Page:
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Sunday, May 02, 2010

First Shots Using SLR

Heheheee...This afternoon I bought a new Digital SLR camera. Below are the pictures taken with my new cam. Can't wait for my first hunting... :D




My beloved one, who accompanied me all day long.

For an amateur like me...Not bad, eh? I use Nikon D5000 to take the pictures. Here are the reviews and specifications of my D-SLR from dpreview.com:

The recent boom in DSLR sales has seen all the major manufacturers adding bulked-up or stripped-down entry level models, repositioning their offerings to make sure that anyone willing to put up with the size and weight of a DSLR will look at one of their models. The whole thing has often left existing DSLR owners a little lost - 'why isn't there a direct replacement for my camera?' - but has undoubtedly meant there are many more attractive, accessible cameras on the market just waiting to entice first-time DSLR owners.

And its into this maelstrom of DSLR proliferation that Nikon launches its latest baby DSLR, the D5000. Nikon's recent strategy of inexpensive, simplified models caused a lot of confusion. The D40, D40X and D60 removed the autofocus motor, making them smaller and less expensive but limiting the choice of lenses that could be autofocused. Despite this oft-criticised move, the cameras sold very well, prompting the major third-party lens makers to create versions of their popular budget lenses that would focus on these baby Nikons. However, it appears Nikon has again decided that simply replacing models isn't the best way to address the market. So here we have a camera that genuinely seems to sit above the D60 (rather than continuing in parallel until the stock runs out), and below the D90. Like the baby Nikons, the D5000 doesn't have an autofocus motor built into the body but does gain a tilt-and-swivel LCD.

The idea of an upper-entry-level DSLR (for want of a better term), that sits below the 'enthusiast' grade D90 (with its twin control dials, big battery and pentaprism viewfinder), is hardly a radical one - the Canon EOS 500D and Olympus E-620 seem to cater to a similar market. So what does this new Nikon have to offer either the tech-savvy first-time DSLR buyer, or the owner of an older entry-level model wanting newer features but unwilling to slavishly follow the manufacturer's 'upgrade path'?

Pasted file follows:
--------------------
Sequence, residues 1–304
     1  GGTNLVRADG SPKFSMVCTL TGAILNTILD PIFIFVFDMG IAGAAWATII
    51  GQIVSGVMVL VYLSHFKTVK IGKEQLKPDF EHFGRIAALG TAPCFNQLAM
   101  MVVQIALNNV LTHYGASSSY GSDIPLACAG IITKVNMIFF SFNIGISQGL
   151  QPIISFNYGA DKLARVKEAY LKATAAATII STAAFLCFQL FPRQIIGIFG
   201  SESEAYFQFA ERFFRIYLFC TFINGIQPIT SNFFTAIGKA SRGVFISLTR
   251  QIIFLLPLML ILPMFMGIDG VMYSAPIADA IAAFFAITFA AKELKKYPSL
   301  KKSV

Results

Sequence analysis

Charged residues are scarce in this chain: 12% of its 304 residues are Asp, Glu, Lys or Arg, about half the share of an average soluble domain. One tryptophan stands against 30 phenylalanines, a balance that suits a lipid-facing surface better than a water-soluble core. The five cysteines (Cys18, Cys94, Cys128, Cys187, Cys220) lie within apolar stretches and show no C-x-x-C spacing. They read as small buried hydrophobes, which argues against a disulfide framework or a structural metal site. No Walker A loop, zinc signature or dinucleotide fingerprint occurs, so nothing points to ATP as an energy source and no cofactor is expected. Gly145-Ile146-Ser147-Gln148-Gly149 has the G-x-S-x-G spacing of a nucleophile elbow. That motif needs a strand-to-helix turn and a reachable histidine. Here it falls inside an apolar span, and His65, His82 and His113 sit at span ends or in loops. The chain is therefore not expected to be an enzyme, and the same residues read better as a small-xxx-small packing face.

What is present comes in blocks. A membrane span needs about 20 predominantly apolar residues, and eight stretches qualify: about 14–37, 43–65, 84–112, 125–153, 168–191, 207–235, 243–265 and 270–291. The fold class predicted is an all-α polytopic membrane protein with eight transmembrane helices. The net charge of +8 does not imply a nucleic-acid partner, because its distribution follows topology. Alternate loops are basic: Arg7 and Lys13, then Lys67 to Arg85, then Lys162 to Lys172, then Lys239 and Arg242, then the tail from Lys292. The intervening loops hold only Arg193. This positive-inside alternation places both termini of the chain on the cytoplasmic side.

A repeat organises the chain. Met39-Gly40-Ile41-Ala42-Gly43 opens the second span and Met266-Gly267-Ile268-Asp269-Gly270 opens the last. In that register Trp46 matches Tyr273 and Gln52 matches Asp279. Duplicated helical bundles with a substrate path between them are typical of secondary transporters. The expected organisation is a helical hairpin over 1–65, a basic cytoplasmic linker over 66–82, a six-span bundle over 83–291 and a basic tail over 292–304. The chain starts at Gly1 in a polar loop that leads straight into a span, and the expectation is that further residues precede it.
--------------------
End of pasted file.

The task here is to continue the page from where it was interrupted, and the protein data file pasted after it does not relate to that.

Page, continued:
Nikon D5000 Key Features

  • 12.9 megapixel DX-format CMOS sensor (effective pixels: 12.3 million)
  • 2.7" tilt and swivel LCD monitor (230,000 dots)
  • Movie capture at up to 1280 x 720 (720p) 24 fps with mono sound
  • Live View with contrast-detect AF, face detection and subject tracking
  • Image sensor cleaning (sensor shake)
  • 11 AF points (with 3D tracking)
  • IS0 200-3200 range (100-6400 expanded)
  • 4 frames per second continuous shooting (buffer: 7 RAW, 25 JPEG fine, 100 JPEG Normal)
  • Expeed image processing engine
  • Extensive in-camera retouching including raw development and straightening
  • Connector for optional GPS unit (fits on hot shoe)
  • New battery with increased capacity
  • 72 thumbnail and calendar view in playback

Nikon D5000 vs D60: Key Differences

The D5000 could easily be seen as a D60 with a tilting screen added, and most of a D90 stuffed into it. As such it offers quite a few feature improvements over its little brother:
  • 12.3 MP CMOS sensor (D60: 10.2 MP CCD)
  • Tilt/swivel screen
  • Live View with contrast detect AF
  • Movie Mode
  • Wider ISO range
  • 11 point AF system with 3D tracking (D60: 3 point AF)
  • Control of Active D-Lighting intensity
  • Automatic correction of lateral chromatic aberration
  • Choice of JPEG quality in RAW+JPEG shooting
  • Extra retouching options
  • More scene modes
  • Faster continuous shooting
  • Exposure bracketing

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